The radio play The Passenger from Cabin Number 45 was written by journalist Zofia Posmysz, who survived Auschwitz and celebrated her ninetieth birthday last August. Her jobs in the supply room and kitchen and her bunk, which had a small window, saw her through three years in a situation where the average woman lived three months. She almost died of pneumonia twice, but was saved by the camp doctor. Years later, in the midst of a large crowd of people in the Champs-Elysées in Paris, she heard a voice that she took for her SS Overseer and had an episode of intense terror in which she was back at the camp. This inspired her play, which in turn inspired Weinberg’s opera. What is unusual about both is that the person experiencing psychosis is a former Nazi, the haunted SS Overseer Annaliese Franz. Some critics feel that sympathy for the pain of such a villain is inappropriate. This was a woman who tortured people and had them killed, who committed unthinkable crimes, the worst of which were the murders of Marta and her beloved Tadeusz. On the other hand, this was also a nineteen year old girl who was doing damage to her own psyche in the name of the Reich. Whether she repents or not, and she does not, she remains unforgivable, as the prisoners proclaim in the second act. She cannot escape judgement, even if the those around her do not recognize her crime. Is this judgement in her own mind, or is it from outside of herself?
The Passenger was scheduled to premiere in 1968, but the censors in Moscow banned it. The Bolshoi scheduled it several times over the next few decades, but it was not performed until 2006, and then only in an unstaged, concert version. Weinberg had been dead for ten years. In 2010, The Passenger premiered at the Bregenz Festival, the first fully staged performance of this controversial work. It is this production, directed by David Pountney with a terrific set by Johan Engels, that Houston Grand Opera is presenting this winter at the Wortham Center. We will take it to New York City this summer as part of the Lincoln Center Festival, performing it at the Park Avenue Armory. Performances are in English with subtitles.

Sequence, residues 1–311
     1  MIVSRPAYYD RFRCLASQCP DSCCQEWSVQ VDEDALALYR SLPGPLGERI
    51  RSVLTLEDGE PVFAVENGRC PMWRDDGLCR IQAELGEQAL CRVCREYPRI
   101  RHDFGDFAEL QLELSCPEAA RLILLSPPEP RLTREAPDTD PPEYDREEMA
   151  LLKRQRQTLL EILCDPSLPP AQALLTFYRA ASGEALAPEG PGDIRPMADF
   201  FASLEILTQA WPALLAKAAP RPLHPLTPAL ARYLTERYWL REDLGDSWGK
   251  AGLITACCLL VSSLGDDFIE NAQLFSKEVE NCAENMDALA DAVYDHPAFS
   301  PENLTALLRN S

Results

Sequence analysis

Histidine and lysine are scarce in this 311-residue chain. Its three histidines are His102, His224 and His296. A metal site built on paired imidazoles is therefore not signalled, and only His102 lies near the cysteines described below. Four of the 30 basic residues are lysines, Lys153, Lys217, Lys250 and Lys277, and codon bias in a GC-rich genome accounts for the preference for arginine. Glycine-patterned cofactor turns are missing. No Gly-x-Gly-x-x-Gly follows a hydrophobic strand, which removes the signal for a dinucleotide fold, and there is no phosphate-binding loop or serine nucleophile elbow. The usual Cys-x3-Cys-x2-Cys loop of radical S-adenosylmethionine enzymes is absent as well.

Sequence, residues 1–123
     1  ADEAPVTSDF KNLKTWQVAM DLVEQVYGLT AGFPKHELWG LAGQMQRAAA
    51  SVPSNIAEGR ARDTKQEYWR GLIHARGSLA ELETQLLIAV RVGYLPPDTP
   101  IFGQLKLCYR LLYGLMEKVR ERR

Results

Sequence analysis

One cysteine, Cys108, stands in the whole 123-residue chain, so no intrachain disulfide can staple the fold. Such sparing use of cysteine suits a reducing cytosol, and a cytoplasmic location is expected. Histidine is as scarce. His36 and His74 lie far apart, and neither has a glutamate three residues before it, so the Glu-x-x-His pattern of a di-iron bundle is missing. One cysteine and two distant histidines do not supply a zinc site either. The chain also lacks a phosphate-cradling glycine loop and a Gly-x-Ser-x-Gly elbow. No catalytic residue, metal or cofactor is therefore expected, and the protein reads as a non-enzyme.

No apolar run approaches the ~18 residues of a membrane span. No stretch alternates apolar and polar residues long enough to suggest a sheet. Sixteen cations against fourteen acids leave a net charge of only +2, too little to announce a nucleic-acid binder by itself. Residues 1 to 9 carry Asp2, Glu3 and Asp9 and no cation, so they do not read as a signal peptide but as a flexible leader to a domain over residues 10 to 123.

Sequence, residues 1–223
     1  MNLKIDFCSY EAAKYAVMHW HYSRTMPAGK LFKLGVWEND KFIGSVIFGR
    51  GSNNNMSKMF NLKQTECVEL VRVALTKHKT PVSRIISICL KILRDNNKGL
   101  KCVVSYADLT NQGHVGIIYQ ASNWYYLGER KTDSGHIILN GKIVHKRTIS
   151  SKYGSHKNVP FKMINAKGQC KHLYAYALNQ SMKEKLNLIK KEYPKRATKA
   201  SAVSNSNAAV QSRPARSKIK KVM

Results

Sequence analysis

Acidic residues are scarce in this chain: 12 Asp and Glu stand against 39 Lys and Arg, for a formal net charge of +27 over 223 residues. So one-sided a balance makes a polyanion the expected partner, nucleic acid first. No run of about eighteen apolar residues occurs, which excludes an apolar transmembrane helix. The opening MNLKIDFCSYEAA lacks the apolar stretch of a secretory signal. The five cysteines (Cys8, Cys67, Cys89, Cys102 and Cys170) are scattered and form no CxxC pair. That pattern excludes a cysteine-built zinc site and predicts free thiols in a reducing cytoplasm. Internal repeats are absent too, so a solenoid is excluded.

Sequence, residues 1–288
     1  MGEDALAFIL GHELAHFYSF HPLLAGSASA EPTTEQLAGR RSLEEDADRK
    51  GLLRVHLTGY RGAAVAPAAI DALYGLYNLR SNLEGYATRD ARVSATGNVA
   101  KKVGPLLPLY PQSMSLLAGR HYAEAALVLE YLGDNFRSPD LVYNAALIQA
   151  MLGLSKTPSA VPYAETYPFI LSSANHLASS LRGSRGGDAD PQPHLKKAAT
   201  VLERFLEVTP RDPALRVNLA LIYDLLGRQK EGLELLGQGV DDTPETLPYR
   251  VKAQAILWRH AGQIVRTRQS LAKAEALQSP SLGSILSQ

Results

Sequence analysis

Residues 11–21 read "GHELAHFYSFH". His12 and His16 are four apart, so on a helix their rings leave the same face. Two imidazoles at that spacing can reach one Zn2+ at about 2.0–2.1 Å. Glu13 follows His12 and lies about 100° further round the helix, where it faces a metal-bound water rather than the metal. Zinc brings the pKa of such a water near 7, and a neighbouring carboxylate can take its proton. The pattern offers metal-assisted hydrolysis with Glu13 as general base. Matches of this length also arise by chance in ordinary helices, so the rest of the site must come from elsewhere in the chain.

The world of The Passenger is divided by Engels’s imaginative and impressive set. The upper levels are peopled by passengers and crew on the ship, while the stage floor, encircled by train tracks, is Auschwitz. Two large set pieces move along the tracks, one being the women’s barracks, something like a bookcase for people, into which female prisoners, principal singers and choristers alike, clamber and lie. From the top of these set pieces the male chorus looks down in horror at events below them in the camp. The result is effective and eerie. The clip below shows one of the most beautiful parts of The Passenger, which is neither easy listening nor easy viewing, although it is most certainly not devoid of beauty. This is the same production we are presenting, but a different cast and language.
Video via recitarcantando1 on YouTube.
As a chorus member, one of the female prisoners, I can tell you that this show isn’t comfortable to perform. There is no way it could be. Clambering around in the dark is one thing, and those barracks are not padded. But that isn’t really all that bad, a few bruises aside. What makes the show difficult is getting into the mentality of a prisoner, knowing that looking a guard in the eye, holding your head up, or expressing emotion of any kind could get you noticed. Getting noticed will bring pain and maybe even death. The physicality of a prisoner: holding the head down, the shoulders in, making yourself small, creates something of the emotional state of a prisoner, even if it is one percent or less of the horror those souls in Auschwitz endured. That is enough to keep you up at night after you get home. It’s worth it to be a part of something so powerful, but performing it requires a certain distance.
The Passenger is a work that asks many questions while providing no answers. It strives to show us what can happen when a nation allows the wrong people to imagine the future. That vision can be as deadly to the people it vows to protect as it is to its enemies. And yet, despite the evil of the camp, humanity has a way of showing through, a quality for which it is punished.
The Passenger runs January 18th through February 2nd in Houston and July 10th through 13th in New York City. Hope to see you there!